What a Tool

Cold Front
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What a Tool

We believe that the "meister" suffix should be used sparingly-and perhaps not at all after college. But behold John "The Shovelmeister" Strader. At six-three, 260 pounds, the 36-year-old from Albuquerque, New Mexico, is arguably the biggest and best participant in the (fringe) sport of shovel racing. The pastime became a "sport" 29 years ago, when lifties at Angel Fire, New Mexico, discovered the following equation: scoop shovel + gravity = one bitchin' ride down the mountain. (No gates here, just a high-speed showdown.) Since then, shovel racing, and its tubby superstar, have been featured on ESPN's X Games and was a hit-albeit unofficial-freak show during the 2002 Olympic Winter Games (there are now Formula One-like modified and supermodified categories). We caught up with The Shovelmeister to learn about his proclivity for ass-burning speed and his dreams of getting his sport into the Olympics.

Skiing: Uh, shovel racing?

Shovelmeister: Yeah, it slides pretty damn well. Plus, the shovel is such an important tool in society.

Skiing: Yes, but 72 miles per hour, with a shovel handle between your legs? Sounds like a recipe...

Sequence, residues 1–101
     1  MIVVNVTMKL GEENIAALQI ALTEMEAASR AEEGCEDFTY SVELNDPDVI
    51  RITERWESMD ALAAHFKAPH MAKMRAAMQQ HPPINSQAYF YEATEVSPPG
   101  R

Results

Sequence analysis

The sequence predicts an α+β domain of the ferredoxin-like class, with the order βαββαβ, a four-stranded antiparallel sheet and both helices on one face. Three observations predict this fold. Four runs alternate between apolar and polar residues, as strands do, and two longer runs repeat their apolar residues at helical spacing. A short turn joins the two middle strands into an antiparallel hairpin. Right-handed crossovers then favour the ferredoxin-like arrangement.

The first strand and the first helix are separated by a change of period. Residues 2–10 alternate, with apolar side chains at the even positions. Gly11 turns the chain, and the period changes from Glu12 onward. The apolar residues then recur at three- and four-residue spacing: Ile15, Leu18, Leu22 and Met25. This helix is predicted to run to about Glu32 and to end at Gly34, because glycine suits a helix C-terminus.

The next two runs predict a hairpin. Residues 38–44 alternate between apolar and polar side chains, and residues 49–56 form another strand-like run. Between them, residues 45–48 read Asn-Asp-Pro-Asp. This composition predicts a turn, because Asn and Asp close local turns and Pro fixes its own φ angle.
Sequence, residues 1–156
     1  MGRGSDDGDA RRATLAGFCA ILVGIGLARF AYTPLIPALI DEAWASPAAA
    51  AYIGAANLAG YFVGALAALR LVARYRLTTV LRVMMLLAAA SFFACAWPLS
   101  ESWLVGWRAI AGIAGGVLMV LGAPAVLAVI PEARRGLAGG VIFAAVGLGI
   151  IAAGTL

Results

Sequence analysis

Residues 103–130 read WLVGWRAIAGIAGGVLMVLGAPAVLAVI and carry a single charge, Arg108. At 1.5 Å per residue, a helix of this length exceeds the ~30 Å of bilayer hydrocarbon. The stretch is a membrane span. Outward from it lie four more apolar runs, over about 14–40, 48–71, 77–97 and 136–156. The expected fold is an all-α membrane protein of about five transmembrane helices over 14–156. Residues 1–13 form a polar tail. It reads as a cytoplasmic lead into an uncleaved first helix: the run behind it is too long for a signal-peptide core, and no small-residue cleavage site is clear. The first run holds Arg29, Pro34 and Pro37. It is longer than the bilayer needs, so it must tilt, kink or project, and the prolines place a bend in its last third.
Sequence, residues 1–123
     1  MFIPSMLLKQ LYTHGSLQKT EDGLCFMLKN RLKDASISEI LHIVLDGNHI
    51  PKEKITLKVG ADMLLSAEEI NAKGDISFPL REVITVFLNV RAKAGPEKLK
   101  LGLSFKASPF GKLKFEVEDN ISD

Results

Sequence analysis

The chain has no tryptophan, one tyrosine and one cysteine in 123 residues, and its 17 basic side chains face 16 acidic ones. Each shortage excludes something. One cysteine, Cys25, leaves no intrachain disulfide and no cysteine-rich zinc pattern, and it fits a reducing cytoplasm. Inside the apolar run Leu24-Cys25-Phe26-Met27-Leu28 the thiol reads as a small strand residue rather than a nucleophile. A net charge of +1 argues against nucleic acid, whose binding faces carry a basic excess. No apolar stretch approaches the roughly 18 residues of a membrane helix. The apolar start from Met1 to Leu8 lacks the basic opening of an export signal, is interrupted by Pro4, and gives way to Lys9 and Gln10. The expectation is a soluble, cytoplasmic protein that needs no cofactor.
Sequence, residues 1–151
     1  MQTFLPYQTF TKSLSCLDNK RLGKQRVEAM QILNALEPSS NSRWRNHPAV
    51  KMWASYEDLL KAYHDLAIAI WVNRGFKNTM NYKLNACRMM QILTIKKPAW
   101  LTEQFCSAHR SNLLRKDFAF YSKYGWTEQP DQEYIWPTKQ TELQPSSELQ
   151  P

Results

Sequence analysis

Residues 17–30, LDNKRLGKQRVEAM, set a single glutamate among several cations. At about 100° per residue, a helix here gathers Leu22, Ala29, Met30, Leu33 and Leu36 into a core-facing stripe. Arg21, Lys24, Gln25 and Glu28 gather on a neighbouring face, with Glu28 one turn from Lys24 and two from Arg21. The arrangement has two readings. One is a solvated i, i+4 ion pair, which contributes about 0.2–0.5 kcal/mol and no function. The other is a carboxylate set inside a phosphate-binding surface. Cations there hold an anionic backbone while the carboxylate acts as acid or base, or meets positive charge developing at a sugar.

Shovelmeister: Getting racked in the balls is rare. If you're doing it right, you're holding the handle parallel to the ground so it's not right up against your boys.

Skiing: The Stealth Warrior, Thor's Hammer, the Viper. Those are some of the supermodified machines you've raced. What's the key to winning that category?

Shovelmeister: Teflon, silicone, car wax, rubbing Spam on the bottom. There are lots of theories. Some guys spend as much as $8,000 fixing up one sled.

Skiing: You had a big accident in the Viper at the X Games, right?

Shovelmeister: Yeah, that one almost killed me. I broke my back in three places. Our team won the gold, but we came home in body bags.

Skiing: You're a pretty big guy. What do you wear to protect yourself?

Shovelmeister: I used to wear jogging tights, but once I was doing 60 miles per hour, and I fell off the shovel and burned a big hole in them. My whole ass was road rash. I've moved on to a downhill racing suit. It highlights the big speed hump around my midsection, but it produces the right downdraft for speed.

Skiing: You got the chance to try out a shovel on the bobsled course up at Salt Lake City. What was that like?

Shovelmeister: Pure heaven...on a shovel.

Skiing: What do you see for the future of shovel racing?

Shovelmeister: I know we can break 100 miles per hour. That's what I'm focused on. And the Olympics. But they haven't been returning my calls.

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